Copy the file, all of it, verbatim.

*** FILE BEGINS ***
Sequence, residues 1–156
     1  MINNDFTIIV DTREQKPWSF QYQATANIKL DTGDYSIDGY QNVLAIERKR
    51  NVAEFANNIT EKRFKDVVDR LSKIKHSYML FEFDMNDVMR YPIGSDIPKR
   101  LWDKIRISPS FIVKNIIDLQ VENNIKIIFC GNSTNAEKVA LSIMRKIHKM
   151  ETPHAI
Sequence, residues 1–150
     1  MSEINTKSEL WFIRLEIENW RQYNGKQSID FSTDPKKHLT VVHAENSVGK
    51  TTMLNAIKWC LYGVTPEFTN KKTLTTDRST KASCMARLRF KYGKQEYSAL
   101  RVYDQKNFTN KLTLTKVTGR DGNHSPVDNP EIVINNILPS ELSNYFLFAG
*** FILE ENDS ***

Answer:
Sequence, residues 1–156
     1  MINNDFTIIV DTREQKPWSF QYQATANIKL DTGDYSIDGY QNVLAIERKR
    51  NVAEFANNIT EKRFKDVVDR LSKIKHSYML FEFDMNDVMR YPIGSDIPKR
   101  LWDKIRISPS FIVKNIIDLQ VENNIKIIFC GNSTNAEKVA LSIMRKIHKM
   151  ETPHAI
Sequence, residues 1–150
     1  MSEINTKSEL WFIRLEIENW RQYNGKQSID FSTDPKKHLT VVHAENSVGK
    51  TTMLNAIKWC LYGVTPEFTN KKTLTTDRST KASCMARLRF KYGKQEYSAL
   101  RVYDQKNFTN KLTLTKVTGR DGNHSPVDNP EIVINNILPS ELSNYFLFAG